Font size

Small Regular Large


Lim Khai Hong

Tapping on market research for branding

Some time ago I met a client requesting our help to brand his decade-old business, let’s call him Spock. After understanding Spock’s objectives and expectations, we recommended a desk research and customer survey as part of the branding exercise. As with many clients, “But I already know my industry well” is among the common responses.

And I can hardly blame him. Market research has been around for a long time but not widely adopted by SMEs because of various reasons. A Google search for “market research” leads you to a set of different methodologies like ethnography, panel research, bulletin board, omnibus, focus groups, in-depth interviews, etc., that will make us feel like we’re reading a handbook on FBI interrogation techniques. What can we get out of this mumbo jumbo?

The trick is to not worry about terminologies, as you are likely already conducting some research on your own. What market research does is to formalise processes to obtain insights in a more structured and actionable way (along with a fancier name).

One of the keys to successful branding is by 1st understanding your customers. You should already roughly know who they are based on your daily interactions, but demographics data only scratches the surface. To really understand customers we need to tap into their psychography, understanding their behaviour, their motivations, their patterns and their desires. Take TWG, for example. You know them as the 1st upscale tea brand in Singapore. But have you ever stopped to wonder, Why did 2 foreigners decide to set up their tea business in Singapore of all places? Isn’t selling tea to Asians akin to selling ice to eskimoes? Wasn’t it why Starbucks steered clear of Italy in the 1st place?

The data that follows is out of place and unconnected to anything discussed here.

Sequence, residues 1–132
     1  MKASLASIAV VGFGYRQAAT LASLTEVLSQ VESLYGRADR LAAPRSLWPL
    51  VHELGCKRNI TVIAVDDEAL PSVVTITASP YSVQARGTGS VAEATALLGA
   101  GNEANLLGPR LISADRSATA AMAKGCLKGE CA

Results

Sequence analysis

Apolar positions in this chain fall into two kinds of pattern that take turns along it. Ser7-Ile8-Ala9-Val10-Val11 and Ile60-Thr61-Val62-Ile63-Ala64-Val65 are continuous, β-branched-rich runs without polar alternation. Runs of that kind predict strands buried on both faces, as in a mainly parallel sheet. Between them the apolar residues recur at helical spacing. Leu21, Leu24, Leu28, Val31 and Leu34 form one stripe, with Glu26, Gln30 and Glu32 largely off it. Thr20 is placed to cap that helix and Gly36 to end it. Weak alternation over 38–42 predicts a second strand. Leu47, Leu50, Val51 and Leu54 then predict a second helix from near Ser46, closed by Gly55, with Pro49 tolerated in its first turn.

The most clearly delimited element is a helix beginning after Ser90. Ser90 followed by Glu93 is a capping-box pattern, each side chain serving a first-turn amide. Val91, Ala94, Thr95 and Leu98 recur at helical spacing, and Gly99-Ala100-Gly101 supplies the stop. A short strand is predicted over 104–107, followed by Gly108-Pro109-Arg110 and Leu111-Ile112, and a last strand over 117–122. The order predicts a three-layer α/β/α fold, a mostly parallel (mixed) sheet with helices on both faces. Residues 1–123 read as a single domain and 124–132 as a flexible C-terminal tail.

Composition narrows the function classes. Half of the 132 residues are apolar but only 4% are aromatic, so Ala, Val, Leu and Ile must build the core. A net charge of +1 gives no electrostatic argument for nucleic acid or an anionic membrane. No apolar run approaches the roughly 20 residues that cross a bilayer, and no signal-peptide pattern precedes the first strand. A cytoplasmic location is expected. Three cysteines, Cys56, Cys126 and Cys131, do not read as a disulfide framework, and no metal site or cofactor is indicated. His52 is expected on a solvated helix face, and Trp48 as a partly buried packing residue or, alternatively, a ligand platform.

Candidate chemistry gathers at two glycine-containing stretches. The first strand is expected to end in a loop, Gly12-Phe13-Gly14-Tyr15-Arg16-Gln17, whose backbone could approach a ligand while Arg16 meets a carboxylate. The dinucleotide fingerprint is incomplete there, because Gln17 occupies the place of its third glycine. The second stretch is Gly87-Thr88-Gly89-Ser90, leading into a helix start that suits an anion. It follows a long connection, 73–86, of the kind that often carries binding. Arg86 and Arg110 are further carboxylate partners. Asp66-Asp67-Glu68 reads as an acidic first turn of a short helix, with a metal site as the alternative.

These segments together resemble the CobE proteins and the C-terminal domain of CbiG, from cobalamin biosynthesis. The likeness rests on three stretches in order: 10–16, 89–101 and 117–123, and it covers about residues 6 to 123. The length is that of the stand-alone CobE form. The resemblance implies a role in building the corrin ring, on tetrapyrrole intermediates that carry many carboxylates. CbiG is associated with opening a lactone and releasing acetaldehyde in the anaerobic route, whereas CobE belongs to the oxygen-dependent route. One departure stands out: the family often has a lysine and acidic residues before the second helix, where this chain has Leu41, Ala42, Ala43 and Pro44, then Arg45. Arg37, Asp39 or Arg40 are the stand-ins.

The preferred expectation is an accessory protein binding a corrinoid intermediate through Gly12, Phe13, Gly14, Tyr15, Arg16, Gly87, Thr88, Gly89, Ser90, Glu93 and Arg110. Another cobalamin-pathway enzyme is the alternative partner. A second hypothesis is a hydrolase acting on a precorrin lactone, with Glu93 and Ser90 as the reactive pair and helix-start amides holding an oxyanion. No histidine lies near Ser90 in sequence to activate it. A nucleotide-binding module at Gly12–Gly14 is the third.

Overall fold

Well, it turns out that Singapore was strategic because

  1. The tea culture and tradition isn’t ingrained in Singaporeans as they do in other parts in Asia
  2. A Singapore brand brings prestige for overseas expansion
  3. Singaporeans have the buying power, prefer novelty and desire the upscale lifestyle image

All these findings coupled with the founders’ vision, helped shape the TWG brand we see today.

Market research also allows us to uncover gaps in the industry and have a distinctive brand positioning. Remember the bubble tea craze that saw outlets mushrooming from every corner? What was once a novelty soon descended to a price war. Bubble tea became this commodity that you can find in most hawker centres, and many outlets closed down soon after.

Those who survived the trend did so because they were distinguished by a combination of distinctive brand history, brewing methods, flavours and staff attitude. I personally prefer KOI, but my friends are Gong Cha legions.

But how has this got to do with market research you ask? You have to remember that you only have an advantage if

  1. The experience can’t be copied easily
  2. The market cares about that unique attribute you’re touting.

Market research helps to verify if what you’re proposing holds water.

Back to Spock’s scenario, through market research we later found out that competition is stiff in the industry and there is little differentiation. Customers were looking for services that weren’t commonly available yet. We verified the finding with industrial trends and advised him toward that direction.

That said, market research is a common approach to provide intel for a branding strategy. It allows you to check your hypothesis against quantifiable data from a neutral perspective and helps you reorganise priorities. A small price to pay compared to embarking on the wrong direction.